Moreover, in its Statement on House Bill No. 1986-80, the House Committee on Consumer Protection and Commerce asserted that "this amendment also provides mandatory imposition of additional penalties in the case of multiple offender.... Conversely, the Courts may use its sic discretion for first-time offenders as far as these additional penalties; but the fine must be levied upon all offenders." Statement on House Bill No. 1986-80 to the Tenth State Legislature Second Session, February 11, 1980 at 3. These comments, from both the State House and Senate committees responsible for the amendment, are strong indications that the legislature intended § 431:10C-117(a)(3) on mandatory penalties for multiple violations to apply in the case of repeat offenders. Indeed, the manner in which both comments expressly contrast "multiple offenders" with "first-time offenders" demonstrates that the amendment and its new mandatory penalties were devised especially to deal with repeat offenders, rather than the presumably rare instance where a defendant would be convicted and sentenced at one proceeding for more than one violation of § 431:10C-104.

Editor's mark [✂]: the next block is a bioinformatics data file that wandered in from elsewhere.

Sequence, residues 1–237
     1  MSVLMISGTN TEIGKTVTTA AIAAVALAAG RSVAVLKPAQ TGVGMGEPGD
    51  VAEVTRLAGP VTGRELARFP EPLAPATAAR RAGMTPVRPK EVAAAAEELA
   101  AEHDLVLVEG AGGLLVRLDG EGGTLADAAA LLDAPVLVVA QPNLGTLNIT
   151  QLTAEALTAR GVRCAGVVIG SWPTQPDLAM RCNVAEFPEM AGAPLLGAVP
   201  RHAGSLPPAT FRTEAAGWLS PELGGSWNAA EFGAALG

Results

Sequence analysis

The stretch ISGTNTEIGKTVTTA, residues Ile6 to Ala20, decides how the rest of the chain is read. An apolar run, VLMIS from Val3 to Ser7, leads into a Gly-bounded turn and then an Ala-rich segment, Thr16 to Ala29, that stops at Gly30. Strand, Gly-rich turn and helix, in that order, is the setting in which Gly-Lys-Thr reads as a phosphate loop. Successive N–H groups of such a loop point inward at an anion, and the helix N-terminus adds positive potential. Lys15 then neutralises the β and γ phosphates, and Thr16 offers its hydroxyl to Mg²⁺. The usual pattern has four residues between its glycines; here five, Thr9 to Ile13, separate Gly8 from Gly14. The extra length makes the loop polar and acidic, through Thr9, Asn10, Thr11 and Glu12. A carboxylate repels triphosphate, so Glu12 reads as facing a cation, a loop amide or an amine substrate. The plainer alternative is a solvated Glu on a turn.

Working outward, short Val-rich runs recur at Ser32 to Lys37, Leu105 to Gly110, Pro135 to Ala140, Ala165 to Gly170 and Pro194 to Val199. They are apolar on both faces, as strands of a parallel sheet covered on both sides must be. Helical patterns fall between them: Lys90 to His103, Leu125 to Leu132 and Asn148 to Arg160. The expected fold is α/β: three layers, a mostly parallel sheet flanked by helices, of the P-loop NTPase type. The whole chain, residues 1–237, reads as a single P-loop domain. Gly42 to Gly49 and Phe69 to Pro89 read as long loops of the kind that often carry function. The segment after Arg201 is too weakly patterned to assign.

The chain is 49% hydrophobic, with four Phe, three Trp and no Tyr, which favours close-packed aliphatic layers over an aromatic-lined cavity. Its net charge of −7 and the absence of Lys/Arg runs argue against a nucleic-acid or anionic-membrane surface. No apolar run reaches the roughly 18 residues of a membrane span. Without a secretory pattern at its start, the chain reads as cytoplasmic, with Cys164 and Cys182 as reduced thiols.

In State v. Paaluhi, 70 Haw. 237, 768 P.2d 235 (1989), however, the Hawaii Supreme Court held that the "multiple violations" language of § 431:10C-117(a)(3) did in fact apply in a situation where the defendant was convicted at one proceeding for three separate violations. In Paaluhi, the defendant pled guilty to three no-fault insurance violation counts, but the trial court did not apply the minimum penalties mandated by the statute for multiple violations. Id. at 239, 768 P.2d 235. The trial court ruled that the multiple violations minimums did not apply because the defendant was being sentenced for the three violations at one proceeding. Id. The trial court relied on prior cases in which defendants convicted of several offenses at a single proceeding were sentenced as first rather than as repeat offenders because they had not been actually convicted before....